Interesting article. Wish I could tell you that it is largely
“evidence-based” and far removed from “folk medicine.”
Your publication deserves to maintain the precious credibility it is
earning. Your promotion of articles such as this diminishes your
Retired pediatrician, Rochester, New York
I received the above response to an article I wrote in Meridian Magazine advocating the use of vitamins to help people be healthy. At the same time, the Wall Street Journal of that day (February 11, 2010) was in front of me. I read an article entitled A Simple Health-Care Fix Fizzles Out, about the research (is that ‘evidence-based’ medicine?) coming out of the Courage study, published in the New England Journal of Medicine in 2007. It found that a $15,000 stent placement in a patient with chronic chest pain did not do better in long term outcome for the patient compared with medication use. This study tracked 2,287 patients for five years, and found no change in mortality or subsequent heart attacks in either group. They reserved stents for those who did not improve with medication therapy.
The article points out that since the 1970s, the ‘evidence-based medicine’ movement has encouraged doctors to use studies like this to decide how to treat patients. Has this happened?
Immediately after the study was printed, there was a 13% drop in stent placements, but it rose to the previous level within a few months. Here are some insightful comments that I have extracted from the article:
• “If a doctor attempted to persuade a patient to delay stenting in order to see whether drug treatment would work by itself, the patient would likely drop him and see another cardiologist instead.”
• “Patients have little incentive to decline costly care when insurers are paying. Interventional cardiologists, on the other hand, have a financial incentive to use stents-they receive about $900 per stenting procedure, roughly nine times the amount they get for an office visit.”
• When researchers asked for assistance trying to decide who should be eligible for these guidelines, “The industry and doctors declined to help. ‘We don’t want to end up being our own willing executioners.'”
Curiously, the very next day, the Wall Street Journal reported the former President Bill Clinton underwent “emergency heart treatment,” after suffering chest discomfort and had “stents placed in a coronary artery.” Apparently his doctors did not read the Courage study, or perhaps they disregarded it as “folk medicine.”
Vitamins: “FOLK Medicine?”
The research support for the use of vitamins is voluminous. Just because it is not in physician-read mainstream medicine journals (and there is some there), it does not mean it does not exist.
Just because you or I have not read it, it does not mean it does not exist. There are thousands more excellent research articles coming out in the vitamin, herbal, Chinese medicine, every year, than any of us could possibly read. So, we choose those areas in life and medicine for which we are passionate, become good at them, and try to help people with that knowledge base.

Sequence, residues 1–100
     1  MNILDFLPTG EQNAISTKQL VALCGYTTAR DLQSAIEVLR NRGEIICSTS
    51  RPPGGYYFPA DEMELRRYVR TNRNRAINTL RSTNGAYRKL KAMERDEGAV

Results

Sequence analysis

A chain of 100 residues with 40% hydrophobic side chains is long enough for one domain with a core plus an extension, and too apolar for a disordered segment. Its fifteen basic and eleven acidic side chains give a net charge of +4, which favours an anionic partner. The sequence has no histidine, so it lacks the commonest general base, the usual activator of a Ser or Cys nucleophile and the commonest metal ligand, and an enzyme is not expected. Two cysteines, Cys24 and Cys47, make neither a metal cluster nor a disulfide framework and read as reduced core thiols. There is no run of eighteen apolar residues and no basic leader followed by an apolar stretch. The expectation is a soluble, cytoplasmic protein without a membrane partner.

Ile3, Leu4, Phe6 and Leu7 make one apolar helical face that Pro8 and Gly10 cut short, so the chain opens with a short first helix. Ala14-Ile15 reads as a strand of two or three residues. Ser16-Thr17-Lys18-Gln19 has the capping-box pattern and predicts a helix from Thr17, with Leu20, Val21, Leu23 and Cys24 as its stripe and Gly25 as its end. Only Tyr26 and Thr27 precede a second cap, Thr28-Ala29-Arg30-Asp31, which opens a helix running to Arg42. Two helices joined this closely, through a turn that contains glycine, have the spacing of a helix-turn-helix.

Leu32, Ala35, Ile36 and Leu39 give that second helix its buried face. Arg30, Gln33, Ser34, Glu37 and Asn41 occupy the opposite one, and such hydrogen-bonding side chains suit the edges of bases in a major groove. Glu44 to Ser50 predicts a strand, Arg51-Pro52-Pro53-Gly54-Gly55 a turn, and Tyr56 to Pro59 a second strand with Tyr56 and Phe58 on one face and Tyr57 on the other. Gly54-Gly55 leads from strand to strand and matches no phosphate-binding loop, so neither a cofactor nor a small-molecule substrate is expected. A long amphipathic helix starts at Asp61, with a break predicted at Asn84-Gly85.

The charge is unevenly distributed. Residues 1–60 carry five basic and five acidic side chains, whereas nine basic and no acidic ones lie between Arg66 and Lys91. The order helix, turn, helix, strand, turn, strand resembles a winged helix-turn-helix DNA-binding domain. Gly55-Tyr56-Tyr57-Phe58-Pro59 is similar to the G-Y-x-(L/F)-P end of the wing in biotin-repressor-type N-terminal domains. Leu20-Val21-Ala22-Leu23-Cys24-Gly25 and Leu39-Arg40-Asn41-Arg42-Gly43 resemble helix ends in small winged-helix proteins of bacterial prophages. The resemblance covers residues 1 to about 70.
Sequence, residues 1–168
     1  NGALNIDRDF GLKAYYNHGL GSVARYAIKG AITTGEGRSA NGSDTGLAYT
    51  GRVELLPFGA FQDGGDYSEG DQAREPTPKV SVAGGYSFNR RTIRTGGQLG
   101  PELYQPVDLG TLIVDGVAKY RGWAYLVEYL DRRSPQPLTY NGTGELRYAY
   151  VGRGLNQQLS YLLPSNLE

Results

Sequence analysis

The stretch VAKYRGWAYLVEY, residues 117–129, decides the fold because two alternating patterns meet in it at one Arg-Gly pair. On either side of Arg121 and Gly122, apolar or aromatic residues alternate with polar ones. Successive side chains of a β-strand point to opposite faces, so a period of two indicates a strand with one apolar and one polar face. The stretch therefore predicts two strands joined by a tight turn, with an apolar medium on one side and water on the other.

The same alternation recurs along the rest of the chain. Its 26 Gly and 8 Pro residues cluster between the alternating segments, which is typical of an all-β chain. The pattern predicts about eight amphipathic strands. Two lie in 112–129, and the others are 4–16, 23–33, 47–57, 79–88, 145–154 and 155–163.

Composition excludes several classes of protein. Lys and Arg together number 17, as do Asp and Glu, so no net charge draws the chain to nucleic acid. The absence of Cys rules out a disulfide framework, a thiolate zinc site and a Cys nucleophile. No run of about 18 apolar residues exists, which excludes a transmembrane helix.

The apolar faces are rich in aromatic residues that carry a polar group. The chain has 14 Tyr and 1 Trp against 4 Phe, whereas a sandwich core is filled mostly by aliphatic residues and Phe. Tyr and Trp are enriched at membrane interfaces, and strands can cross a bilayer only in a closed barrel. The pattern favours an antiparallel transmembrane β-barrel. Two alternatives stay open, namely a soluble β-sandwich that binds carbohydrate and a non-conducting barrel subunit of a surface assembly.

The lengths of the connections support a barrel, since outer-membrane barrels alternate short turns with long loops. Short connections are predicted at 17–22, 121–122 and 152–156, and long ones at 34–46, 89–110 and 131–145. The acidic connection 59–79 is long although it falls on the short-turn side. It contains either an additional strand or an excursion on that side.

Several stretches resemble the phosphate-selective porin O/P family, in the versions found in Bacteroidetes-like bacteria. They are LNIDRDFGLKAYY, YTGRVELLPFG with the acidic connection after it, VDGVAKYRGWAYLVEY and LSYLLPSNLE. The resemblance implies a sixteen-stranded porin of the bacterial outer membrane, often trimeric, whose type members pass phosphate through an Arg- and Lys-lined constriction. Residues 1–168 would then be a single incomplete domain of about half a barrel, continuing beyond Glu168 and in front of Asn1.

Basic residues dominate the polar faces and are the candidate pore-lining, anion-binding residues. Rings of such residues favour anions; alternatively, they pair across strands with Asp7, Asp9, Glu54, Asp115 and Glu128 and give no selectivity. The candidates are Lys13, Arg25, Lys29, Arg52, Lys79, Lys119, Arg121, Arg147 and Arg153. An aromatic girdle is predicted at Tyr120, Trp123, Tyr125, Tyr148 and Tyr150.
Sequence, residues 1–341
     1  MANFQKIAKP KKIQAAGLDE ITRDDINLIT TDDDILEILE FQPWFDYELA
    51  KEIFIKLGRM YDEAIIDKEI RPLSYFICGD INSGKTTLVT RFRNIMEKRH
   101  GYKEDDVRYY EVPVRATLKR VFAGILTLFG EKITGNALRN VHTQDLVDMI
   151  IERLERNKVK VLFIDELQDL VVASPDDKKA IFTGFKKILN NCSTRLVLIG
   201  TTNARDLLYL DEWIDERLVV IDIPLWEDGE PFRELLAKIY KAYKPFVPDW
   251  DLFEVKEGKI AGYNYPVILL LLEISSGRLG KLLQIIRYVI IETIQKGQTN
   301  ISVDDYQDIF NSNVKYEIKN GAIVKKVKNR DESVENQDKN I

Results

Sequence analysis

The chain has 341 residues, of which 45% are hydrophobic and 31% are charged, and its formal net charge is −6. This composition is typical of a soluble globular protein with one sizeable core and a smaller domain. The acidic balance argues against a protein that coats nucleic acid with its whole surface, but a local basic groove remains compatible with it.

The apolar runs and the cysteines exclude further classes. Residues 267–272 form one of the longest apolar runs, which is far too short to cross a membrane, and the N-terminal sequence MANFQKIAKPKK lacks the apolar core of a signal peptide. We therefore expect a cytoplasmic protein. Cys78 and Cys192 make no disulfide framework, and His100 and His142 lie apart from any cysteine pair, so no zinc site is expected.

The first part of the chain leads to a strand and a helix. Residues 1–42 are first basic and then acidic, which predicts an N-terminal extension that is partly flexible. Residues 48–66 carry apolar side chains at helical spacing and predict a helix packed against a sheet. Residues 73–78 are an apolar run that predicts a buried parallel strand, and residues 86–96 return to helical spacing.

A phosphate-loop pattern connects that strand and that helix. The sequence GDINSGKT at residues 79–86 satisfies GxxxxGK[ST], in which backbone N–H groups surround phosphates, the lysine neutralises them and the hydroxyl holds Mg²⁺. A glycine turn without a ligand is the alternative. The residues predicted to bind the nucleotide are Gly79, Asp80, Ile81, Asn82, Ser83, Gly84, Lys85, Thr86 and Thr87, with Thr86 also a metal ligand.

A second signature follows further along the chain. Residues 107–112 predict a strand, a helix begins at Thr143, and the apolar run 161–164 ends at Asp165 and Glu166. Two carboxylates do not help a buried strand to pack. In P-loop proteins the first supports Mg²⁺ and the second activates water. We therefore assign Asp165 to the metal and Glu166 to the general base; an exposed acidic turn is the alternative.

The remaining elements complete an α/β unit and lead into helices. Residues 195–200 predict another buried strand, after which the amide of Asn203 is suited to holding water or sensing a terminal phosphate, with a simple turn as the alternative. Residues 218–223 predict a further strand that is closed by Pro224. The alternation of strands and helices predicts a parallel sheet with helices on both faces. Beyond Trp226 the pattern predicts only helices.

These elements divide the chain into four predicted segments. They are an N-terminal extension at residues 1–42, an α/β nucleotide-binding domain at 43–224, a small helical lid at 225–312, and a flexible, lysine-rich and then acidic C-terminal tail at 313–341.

Does this philosophy mean that everything outside my or your expertise ‘box’ should be called ‘folk-medicine’?
Perhaps we should not so quickly discount health ‘medicine’ coming down through the ages of time, from our grandmothers. I was warned about white sugar, white flour and processed food by my grandmother when I was a teenager. We smugly smiled, just short of mocking her. Only now do I realize how right she was! We tend to discount thousands of years of Chinese Medicine as ‘folk-medicine’, yet when the scientific studies are done, we discover how right they were-even millennia ago.
It only adds to the credibility of these thousands-of-years-old folk medicines that someone in the pharmaceutical industry will want to extract the ‘active component’, add a chemical group to it, patent it, call it a name, and sell it as if it were the plant from which it was extracted.
It is a travesty that the FDA limits the use of science in the marketing of vitamins and minerals and herbs, while permitting the drug industry to market their products blatantly in magazine ads and on TV (have you listened to the frightening lists of side effects that the spokesperson refers to at top speed in an undertone?). Vitamins have a track record of being far more healthy and beneficial, yet their advertisement is censored.
The delay in conveying known information about folic acid is a case in point. For 10 to 15 years it was well known that 800 micrograms of folic acid would prevent most of the spina bifida problems in the birth population, and during those 10-15 years, that information was suppressed.
Finally after countless efforts to make the knowledge accepted in “mainstream medicine,” obstetricians placed it within their ‘box’ and it was actively added to all prenatal vitamins.
In the last few years, a number of ‘orthomolecular’ products have been added to standard medicine, things we in ‘alternative medicine’ have been doing for 30 years-anti-oxidants for macular degeneration, fish oils for vascular/heart disease, niacin for cholesterol-lowering.
Credibility is very much an element of your point of view, and your definition of the word. Should credibility be defined as the prevailing majority opinion only, science based information only, thousands of years of proven worth only? Perhaps each of us must consider all our options, all our sources of information, and choose that course that is right for us at that time.
As for me, I’m choosing to listen to my patients, keep my mind open, and explore all options. It is the height of arrogance to assume that we know everything.
To your dynamic health and energy.
Stan Gardner, MD, CNS